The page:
Tuesday, June 26, 2012

Best of Black Sheep: THE ARTIST

An interview with THE ARTIST director, Michel Hazanavicius and star, Jean Dujardin

As is ordinarily the rule during the holiday season, film audiences are inundated with grandiose family fare and a slew of prestige pictures designed to use the power of words to move people to both laughter and tears. One notable exception this year falls somewhere in the middle of this spectrum but does so without uttering a single syllable.

THE ARTIST, French director, Michel Hazanavicius’s ode to an era of cinema that has long been forgotten, will most certainly differentiate itself from the glut of awards season contenders this year, simply by being the charming delight of a film that it is. There is one other factor that will likely get everyone talking about it though; it’s silent.

As I’m sure you can imagine, getting THE ARTIST made was no easy feat. “At the very beginning, I felt very lonely because nobody wanted to make this movie,” Hazanavicius tells me when we meet at the Toronto International Film Festival, one of the many carefully chosen festival stops THE ARTIST made on its path towards tentative Oscar gold. “Now, to see so many people delighted to see the film, it’s very gratifying,” he concludes, with sincere and evident appreciation.

The idea to make a silent movie was one Hazanavicius tossed around for years and one that he is certain he is not alone in having. “It is a fantasy that I think many directors have,” he claims.  “A lot of us would love to at least try to do it. Maybe I wanted it a little bit more.” It was not until after he found success with his OSS 117 spy film series that anyone took his idea seriously though. “Once you have some success, people don’t see you the same way,” he admits. “Suddenly, something that could be insane becomes doable.”

Hazanavicius, watching the magic happen.

And so Hazanavicius enlisted the help of his OSS 117 stars, Jean Dujardin and Berenice Bejo (who is, incidentally, also his wife), to take on the leads in his crazy dream project. According to Hazanavicius, Bejo was on board from the start, but Dujardin was somewhat concerned when he first heard of the idea. “Yes, I thought he was crazy but Michel is incredibly hard working,” Dujardin confided to me, when we too met at this year’s TIFF. “Michel’s preparation ahead of time made everything go smooth though and he has advanced his career ten years with this film.”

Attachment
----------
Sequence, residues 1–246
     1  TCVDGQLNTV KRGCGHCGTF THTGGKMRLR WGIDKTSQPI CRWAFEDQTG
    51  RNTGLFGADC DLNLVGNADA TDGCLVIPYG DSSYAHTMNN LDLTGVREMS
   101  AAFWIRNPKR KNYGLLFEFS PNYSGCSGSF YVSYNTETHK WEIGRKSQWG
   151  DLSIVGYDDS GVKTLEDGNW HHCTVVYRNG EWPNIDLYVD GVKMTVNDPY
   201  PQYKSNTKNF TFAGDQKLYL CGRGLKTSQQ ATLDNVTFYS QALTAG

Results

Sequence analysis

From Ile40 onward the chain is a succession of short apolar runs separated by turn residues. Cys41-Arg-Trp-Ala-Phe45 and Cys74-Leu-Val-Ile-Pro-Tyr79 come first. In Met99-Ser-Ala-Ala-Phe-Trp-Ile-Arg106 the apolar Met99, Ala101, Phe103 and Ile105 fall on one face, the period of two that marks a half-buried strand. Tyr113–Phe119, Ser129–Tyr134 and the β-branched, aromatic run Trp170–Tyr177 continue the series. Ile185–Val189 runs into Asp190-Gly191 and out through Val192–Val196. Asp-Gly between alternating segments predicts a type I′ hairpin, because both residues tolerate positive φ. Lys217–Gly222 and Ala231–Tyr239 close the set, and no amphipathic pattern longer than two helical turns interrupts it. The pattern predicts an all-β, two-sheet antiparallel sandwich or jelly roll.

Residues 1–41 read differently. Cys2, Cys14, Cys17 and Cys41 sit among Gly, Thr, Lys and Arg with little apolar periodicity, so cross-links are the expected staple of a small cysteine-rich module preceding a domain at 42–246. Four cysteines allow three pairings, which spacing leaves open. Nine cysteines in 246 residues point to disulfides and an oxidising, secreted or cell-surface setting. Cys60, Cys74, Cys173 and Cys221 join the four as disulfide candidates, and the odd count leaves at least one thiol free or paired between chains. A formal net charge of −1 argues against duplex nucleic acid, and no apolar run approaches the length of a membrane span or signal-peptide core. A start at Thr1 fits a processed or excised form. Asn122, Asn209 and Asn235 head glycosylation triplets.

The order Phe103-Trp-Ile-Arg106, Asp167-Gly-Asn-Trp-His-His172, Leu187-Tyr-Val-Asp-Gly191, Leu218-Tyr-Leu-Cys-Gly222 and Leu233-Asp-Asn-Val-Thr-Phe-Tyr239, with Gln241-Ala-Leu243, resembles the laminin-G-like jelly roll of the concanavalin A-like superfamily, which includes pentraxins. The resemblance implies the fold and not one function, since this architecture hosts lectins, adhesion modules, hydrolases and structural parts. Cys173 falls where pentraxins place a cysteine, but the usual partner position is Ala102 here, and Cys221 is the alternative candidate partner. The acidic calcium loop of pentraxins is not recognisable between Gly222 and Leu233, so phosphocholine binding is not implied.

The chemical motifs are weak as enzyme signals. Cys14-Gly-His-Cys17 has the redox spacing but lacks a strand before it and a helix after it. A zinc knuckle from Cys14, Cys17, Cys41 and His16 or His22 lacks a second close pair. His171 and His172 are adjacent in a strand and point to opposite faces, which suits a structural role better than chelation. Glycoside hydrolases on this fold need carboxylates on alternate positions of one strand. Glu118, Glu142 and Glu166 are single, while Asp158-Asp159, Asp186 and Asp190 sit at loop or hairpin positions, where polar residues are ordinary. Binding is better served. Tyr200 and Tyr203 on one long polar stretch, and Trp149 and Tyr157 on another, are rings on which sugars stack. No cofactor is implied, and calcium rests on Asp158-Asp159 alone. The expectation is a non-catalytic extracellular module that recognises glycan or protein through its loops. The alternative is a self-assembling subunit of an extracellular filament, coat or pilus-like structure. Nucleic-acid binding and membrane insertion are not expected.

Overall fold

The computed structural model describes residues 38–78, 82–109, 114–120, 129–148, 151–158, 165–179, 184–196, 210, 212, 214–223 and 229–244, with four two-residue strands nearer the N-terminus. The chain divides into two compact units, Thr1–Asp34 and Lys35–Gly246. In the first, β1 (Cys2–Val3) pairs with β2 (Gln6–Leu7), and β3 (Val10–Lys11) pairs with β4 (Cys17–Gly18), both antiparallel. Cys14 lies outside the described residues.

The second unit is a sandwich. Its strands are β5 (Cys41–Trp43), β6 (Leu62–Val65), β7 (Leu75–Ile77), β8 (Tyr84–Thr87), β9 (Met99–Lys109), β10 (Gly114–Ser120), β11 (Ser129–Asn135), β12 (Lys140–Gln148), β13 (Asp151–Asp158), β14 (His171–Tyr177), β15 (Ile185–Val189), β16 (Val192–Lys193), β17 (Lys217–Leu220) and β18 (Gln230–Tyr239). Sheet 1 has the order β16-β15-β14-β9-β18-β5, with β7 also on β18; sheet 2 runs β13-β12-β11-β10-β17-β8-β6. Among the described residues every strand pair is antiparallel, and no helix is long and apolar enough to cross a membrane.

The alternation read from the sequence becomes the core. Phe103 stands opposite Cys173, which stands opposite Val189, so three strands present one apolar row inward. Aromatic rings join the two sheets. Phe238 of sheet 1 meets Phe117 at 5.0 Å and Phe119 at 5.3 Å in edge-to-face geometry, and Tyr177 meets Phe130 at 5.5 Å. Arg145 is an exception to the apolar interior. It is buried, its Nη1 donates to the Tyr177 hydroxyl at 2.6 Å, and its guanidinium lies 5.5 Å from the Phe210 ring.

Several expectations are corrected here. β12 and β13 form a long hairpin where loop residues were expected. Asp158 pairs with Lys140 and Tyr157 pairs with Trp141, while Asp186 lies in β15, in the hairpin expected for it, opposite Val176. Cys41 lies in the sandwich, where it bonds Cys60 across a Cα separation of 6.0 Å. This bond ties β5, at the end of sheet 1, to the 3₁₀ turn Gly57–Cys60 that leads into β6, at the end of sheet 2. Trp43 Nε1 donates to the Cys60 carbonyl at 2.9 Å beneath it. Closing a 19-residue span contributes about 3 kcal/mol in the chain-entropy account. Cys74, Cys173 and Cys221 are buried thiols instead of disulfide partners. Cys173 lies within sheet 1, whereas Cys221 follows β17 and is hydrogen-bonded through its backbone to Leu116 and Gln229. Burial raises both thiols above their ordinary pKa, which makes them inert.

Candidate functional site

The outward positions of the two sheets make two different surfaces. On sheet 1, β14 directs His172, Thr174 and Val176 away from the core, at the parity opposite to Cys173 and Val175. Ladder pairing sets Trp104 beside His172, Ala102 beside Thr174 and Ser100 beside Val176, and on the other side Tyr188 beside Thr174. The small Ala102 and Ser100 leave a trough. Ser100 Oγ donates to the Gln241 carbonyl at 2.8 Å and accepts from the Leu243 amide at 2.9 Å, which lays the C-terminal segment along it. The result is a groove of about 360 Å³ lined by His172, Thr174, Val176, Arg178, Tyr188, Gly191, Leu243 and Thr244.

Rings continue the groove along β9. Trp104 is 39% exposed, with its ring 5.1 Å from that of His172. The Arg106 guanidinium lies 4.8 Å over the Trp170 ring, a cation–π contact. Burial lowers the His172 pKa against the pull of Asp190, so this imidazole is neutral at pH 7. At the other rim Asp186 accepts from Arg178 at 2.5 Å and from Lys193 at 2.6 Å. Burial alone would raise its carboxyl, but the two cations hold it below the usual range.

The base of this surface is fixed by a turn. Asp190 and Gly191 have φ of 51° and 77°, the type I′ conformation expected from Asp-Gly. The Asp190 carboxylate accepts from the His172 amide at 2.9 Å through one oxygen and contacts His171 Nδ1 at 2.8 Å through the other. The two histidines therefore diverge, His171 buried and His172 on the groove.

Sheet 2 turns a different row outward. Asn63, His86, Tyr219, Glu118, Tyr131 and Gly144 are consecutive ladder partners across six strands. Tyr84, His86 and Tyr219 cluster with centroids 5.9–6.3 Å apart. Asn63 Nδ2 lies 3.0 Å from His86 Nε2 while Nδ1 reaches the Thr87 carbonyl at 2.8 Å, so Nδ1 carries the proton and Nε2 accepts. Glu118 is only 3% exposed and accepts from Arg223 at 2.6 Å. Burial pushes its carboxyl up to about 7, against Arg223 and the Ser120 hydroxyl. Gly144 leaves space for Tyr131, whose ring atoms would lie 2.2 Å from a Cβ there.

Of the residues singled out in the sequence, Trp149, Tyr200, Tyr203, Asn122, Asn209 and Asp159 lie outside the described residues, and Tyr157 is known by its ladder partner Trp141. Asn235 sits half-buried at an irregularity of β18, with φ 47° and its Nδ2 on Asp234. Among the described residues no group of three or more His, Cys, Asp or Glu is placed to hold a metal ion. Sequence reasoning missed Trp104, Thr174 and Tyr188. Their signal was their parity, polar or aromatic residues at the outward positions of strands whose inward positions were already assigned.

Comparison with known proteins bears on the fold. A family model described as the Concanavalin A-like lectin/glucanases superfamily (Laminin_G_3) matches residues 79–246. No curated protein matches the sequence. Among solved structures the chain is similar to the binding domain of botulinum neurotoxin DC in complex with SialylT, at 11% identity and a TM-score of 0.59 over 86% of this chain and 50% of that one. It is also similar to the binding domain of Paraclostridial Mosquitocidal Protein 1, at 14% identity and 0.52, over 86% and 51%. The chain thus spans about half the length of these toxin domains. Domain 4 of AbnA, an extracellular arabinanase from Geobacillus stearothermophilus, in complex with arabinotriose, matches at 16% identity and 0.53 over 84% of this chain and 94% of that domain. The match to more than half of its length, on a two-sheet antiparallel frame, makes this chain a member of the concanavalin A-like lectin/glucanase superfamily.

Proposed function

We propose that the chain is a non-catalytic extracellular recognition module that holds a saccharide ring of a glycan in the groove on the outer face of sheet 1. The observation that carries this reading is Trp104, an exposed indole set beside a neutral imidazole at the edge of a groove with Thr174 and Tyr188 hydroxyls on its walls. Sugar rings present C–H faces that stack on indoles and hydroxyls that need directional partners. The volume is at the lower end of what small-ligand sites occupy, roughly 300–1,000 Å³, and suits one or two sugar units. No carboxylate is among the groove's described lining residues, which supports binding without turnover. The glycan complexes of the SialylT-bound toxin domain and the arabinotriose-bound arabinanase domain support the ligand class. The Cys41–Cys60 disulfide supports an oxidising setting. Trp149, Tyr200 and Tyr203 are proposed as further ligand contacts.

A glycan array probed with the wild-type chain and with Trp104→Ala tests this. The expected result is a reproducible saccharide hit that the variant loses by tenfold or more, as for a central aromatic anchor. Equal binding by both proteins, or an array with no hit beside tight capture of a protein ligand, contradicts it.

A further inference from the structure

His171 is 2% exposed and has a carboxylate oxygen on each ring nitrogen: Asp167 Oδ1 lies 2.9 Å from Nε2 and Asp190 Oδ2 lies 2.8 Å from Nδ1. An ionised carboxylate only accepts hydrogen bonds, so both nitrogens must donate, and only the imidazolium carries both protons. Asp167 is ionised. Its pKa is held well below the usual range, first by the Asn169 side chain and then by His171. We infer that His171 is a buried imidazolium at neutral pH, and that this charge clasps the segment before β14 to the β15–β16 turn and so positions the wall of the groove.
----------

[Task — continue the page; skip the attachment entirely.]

Hazanavicius’s research included screening several silent films, his favorites being the American examples from the final years of the silent era (1924-1929). “I watched a lot of silent films to understand the rules and there are more rules than in a usual movie,” he explains. “In many ways though, it was more freeing. You can go places you usually don’t go because it does not have to be so realistic.”

Despite all his well researched knowledge on the subject, Hazanavicius knew that selling THE ARTIST  to mainstream audiences would not be so simple. This awareness directly influenced the story of the film. “I thought that to tell a story about a silent actor would make things easier for the audience to accept it was a silent movie,” he says of the story’s origins. In keeping with that, Dujardin plays a successful Hollywood star who falls out of favour when he refuses to acknowledge the “talkies” as anything but a passing fad.